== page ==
. Including heterozygotes would depend on the safety and tolerability data for the chosen treatment, but would allow for both an increase in the available samples and an increase in the generalizablity of our findings[85,86]
For each subject group, we have proposed to conduct a 24 month double-blind, randomized, placebo-controlled trial using fibrillar amyloid PET, FDG PET, volumetric MRI, CSF, and cognitive endpoints
. Biological fluids and other MRI measurements would be used to permit exploratory studies. If after two years, the treatment is not associated with predicted effects on one or more of the biomarkers, the DSMB would declare futility, the trial would be discontinued, and the participants would be eligible to participate in a trial of the next most promising AD-modifying treatment. If, however, the treatment is associated with predicted biomarker effects, the trial would be continued to assess effects on our compound cognitive endpoint.
To support these and other presymptomatic AD trials, we plan to establish two AD prevention registries. We aim to enroll 2,000 members of the PS1 E280A kindred (along with DNA samples, PS1 E280A mutation testing and baseline cognitive assessments), about one-third of whom are projected to be mutation carriers, into the Colombian Registry by 2012. We aim to enroll several hundred thousand individuals in the US-based Alzheimer’s Prevention Registry, some of whom will be invited to provide saliva samples for DNA acquisition and APOE screening. In anticipation of the Colombian trial, we have begun to acquire and analyze brain imaging and CSF samples in the PS1 mutation carriers and non-carriers, a cyclotron/radiochemistry facility is being installed, and we have used data from the ongoing longitudinal study to estimate the sample sizes needed to detect a clinical effect using a composite cognitive endpoint.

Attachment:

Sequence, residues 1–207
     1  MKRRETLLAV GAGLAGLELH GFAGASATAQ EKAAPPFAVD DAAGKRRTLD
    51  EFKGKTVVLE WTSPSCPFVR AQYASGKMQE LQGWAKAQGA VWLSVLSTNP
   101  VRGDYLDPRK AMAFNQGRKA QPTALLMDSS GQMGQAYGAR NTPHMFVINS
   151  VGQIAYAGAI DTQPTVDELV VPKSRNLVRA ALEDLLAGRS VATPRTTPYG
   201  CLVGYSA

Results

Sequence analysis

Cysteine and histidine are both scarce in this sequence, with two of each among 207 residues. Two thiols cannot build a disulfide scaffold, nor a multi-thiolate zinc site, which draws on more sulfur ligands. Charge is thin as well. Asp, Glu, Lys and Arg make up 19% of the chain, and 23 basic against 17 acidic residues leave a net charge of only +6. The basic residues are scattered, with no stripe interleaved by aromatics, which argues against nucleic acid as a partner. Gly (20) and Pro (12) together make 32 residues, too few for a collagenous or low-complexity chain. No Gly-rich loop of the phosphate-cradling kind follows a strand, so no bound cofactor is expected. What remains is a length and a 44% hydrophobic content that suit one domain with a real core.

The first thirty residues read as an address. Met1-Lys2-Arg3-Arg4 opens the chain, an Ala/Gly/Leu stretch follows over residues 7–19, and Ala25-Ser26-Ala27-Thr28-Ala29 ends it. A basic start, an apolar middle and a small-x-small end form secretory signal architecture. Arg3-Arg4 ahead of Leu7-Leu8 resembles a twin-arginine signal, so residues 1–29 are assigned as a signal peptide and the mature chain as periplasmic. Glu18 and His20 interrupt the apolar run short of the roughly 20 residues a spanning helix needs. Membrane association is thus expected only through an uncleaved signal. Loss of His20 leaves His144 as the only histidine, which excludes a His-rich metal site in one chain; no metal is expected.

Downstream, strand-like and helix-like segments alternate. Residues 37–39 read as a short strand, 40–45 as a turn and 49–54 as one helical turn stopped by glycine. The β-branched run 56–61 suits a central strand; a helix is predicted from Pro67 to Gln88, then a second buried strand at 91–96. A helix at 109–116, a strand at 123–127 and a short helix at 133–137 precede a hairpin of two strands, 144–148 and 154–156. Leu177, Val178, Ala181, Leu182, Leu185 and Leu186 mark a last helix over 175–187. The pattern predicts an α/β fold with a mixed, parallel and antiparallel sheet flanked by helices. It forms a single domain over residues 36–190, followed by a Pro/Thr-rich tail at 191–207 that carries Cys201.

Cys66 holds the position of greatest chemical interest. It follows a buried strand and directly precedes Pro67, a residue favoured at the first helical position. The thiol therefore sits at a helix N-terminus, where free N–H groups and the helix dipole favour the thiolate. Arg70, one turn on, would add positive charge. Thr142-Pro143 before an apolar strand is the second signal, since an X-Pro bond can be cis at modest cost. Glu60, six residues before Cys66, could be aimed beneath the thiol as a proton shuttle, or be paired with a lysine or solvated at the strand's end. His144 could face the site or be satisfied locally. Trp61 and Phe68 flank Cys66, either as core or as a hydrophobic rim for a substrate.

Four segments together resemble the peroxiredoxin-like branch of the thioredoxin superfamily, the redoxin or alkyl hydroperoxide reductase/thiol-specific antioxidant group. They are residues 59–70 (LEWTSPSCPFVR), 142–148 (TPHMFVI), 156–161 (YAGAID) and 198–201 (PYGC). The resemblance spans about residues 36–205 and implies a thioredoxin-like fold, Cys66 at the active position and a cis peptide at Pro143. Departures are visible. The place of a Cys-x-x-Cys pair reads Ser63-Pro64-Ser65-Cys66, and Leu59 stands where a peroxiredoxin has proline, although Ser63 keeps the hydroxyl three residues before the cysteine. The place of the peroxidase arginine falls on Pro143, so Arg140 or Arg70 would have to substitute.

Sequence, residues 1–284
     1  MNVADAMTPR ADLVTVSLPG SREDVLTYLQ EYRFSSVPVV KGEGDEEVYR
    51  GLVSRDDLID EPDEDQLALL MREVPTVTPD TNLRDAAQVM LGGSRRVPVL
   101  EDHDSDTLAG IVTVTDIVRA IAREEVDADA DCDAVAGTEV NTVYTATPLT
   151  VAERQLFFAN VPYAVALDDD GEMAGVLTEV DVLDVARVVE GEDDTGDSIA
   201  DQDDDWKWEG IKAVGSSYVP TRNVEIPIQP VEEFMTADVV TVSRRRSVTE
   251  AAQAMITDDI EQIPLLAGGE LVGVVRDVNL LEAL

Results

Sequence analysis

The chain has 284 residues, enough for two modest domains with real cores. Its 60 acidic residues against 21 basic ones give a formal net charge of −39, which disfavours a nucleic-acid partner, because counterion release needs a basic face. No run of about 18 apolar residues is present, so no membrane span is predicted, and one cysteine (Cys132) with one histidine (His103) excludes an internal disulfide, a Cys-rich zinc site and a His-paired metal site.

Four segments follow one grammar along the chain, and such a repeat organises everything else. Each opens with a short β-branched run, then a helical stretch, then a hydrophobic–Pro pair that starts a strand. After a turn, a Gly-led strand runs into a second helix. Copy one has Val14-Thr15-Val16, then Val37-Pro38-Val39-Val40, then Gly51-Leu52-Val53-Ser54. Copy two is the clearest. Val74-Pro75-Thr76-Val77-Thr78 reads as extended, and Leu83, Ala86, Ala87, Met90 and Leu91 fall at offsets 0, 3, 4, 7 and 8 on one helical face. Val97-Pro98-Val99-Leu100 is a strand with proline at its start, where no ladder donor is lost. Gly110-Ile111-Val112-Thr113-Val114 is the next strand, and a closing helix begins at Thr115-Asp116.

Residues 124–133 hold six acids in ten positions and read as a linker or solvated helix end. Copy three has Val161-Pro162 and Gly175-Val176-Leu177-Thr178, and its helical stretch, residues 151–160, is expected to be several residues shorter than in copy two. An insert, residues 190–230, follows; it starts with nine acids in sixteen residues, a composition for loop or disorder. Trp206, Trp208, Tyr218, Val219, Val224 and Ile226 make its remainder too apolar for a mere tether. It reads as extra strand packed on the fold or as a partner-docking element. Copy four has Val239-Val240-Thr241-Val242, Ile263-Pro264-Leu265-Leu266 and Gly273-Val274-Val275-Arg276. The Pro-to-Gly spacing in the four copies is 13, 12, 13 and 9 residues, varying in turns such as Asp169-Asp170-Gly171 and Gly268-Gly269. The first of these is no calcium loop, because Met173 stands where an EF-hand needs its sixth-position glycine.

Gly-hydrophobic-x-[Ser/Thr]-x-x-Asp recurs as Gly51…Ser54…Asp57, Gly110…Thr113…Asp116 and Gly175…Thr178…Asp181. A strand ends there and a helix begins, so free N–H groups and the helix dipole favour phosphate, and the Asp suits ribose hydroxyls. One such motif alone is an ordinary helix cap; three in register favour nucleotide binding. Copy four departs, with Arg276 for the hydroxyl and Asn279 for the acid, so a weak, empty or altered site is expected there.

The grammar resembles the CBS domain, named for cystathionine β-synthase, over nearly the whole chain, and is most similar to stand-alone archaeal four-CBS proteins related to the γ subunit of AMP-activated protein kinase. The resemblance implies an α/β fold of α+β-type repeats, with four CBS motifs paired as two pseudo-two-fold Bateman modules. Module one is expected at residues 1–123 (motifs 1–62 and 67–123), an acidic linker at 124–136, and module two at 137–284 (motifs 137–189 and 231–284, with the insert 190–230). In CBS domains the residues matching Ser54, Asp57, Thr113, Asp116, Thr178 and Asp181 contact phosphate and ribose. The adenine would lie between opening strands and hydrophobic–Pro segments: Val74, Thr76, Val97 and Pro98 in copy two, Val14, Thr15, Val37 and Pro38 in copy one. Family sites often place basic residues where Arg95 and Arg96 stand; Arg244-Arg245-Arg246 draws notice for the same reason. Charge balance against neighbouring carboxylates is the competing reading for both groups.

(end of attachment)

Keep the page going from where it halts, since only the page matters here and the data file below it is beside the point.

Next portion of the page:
While we believe that there is an opportunity to advance the evaluation of presymptomatic AD treatments, there is a responsibility to get it right. In October 2009, we hosted a meeting of 40 scientific advisors to get their input and help us to refine our proposal. In January 2010, we hosted a meeting with industry representatives to get their input and further refine our proposal
. In January 2011, we again met with industry representatives, academic advisors, and FDA and European Medicines Agency (EMA) officials, who provided thoughtful and encouraging feedback